They Believe What They Want To
WHY do people believe as they do? Because there are sound reasons for it? Do we not often observe that people believe what they want to believe? Perhaps they believe something because it is popular. This is often true with regard to belief in God, what the purpose of life is and what the future holds.
In past history no one had a better basis for believing what was true than the Israelites. They received their laws directly from Jehovah God, the Creator of all things. Through his laws and his dealings with them they should have believed in him. They should have obeyed him and sought his approval. But what did they come to believe?
In spite of receiving clear warnings from their God as to the disastrous consequences of idol worship and immorality, they began to follow phallic worship and yet made it seem as if they were worshiping Jehovah. We read at 2 Chronicles 33:17: “Nevertheless, the people were still sacrificing upon the high places; only it was to Jehovah their God.” They were stealing, murdering, committing adultery, swearing falsely, walking after other gods and yet believing they would be delivered.—Jeremiah 7:8-11.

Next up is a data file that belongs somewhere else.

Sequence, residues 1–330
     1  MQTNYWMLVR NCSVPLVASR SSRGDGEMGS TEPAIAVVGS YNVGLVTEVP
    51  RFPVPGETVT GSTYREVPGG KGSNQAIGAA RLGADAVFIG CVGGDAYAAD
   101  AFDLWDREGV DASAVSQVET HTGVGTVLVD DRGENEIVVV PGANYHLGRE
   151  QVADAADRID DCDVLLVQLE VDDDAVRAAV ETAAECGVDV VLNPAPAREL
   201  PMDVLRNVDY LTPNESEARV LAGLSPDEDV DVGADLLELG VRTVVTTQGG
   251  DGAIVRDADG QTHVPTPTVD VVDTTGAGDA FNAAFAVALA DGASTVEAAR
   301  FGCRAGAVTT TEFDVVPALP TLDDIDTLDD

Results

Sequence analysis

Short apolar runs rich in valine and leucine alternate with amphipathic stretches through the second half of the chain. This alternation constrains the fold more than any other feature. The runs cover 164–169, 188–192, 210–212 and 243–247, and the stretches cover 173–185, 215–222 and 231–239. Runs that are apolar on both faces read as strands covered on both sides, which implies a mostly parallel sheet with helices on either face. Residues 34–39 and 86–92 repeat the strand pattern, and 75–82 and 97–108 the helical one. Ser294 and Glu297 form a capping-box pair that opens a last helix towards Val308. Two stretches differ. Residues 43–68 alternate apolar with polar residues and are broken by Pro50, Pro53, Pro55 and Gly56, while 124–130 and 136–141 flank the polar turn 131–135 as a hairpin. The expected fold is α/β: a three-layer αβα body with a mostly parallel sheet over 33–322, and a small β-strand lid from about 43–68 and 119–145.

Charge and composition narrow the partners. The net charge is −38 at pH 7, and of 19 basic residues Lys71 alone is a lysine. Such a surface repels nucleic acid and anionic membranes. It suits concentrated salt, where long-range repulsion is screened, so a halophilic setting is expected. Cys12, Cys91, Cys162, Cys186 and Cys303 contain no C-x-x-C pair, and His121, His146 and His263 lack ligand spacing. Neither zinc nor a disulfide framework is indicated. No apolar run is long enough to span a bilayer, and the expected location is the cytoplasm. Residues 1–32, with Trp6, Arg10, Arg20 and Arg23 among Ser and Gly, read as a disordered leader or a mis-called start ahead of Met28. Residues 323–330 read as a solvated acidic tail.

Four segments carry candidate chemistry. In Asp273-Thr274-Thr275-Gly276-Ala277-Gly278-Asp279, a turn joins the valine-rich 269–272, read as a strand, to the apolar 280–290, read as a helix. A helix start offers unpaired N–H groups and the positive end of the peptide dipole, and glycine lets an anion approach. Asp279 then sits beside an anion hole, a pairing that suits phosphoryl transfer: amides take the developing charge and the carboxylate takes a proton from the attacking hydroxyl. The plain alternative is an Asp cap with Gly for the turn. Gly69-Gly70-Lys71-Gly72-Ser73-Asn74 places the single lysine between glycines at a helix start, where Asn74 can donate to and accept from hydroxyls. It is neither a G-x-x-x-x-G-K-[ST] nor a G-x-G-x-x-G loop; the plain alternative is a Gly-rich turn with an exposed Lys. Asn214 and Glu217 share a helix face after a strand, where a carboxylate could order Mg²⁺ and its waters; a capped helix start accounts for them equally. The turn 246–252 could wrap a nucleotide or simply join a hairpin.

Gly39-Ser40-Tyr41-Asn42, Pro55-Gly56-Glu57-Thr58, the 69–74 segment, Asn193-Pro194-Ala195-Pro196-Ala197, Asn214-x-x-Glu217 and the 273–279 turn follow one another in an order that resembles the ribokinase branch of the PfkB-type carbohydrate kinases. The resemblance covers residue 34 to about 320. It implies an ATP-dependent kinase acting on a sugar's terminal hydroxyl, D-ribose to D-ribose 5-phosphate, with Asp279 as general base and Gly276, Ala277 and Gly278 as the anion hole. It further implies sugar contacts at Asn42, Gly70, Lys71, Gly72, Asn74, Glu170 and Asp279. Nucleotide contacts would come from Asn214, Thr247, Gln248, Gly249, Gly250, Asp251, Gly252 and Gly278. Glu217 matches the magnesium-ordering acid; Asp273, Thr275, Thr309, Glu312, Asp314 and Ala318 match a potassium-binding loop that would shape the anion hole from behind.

They believed what they wanted and made it seem as though they were worshiping Jehovah, the true God. Since they had turned to their own thoughts, Jehovah could say through his prophet: “The thoughts of you people are not my thoughts, nor are my ways your ways.” (Isaiah 55:6-8) They glorified God with their lips but had removed their hearts from him. (Isaiah 29:13) And when Jehovah sent them warnings by his prophets, they replied: ‘You must not see, and you must not envision for us any straightforward things. Speak to us smooth things; envision deceptive things.’ (Isaiah 30:9-11) They would hear only what they wanted.
When Jesus came and preached to them, he said that their belief was in vain because of their tradition. (Matthew 15:7-9) The apostle Paul later wrote of the Jews that ‘they had a zeal for God but not according to accurate knowledge, and they sought to establish their own righteousness.’ (Romans 10:2, 3) Why? Because they wanted it that way.
Some Believed Jesus, Others Did Not
People heard Jesus preach the same message and perform the same powerful works, yet some believed and others did not. Why? After hearing the testimony of John the Baptizer and the words of Jesus, Andrew came to his brother, Simon, and could say: “We have found the Messiah.” Philip came to Nathanael and said: “We have found the one of whom Moses, in the Law, and the Prophets wrote, Jesus, the son of Joseph, from Nazareth.” (John 1:35-45) Why did these believe? Merely because they wanted to? They believed because of what they had seen and heard, in accord with what had been prophesied in the Scriptures.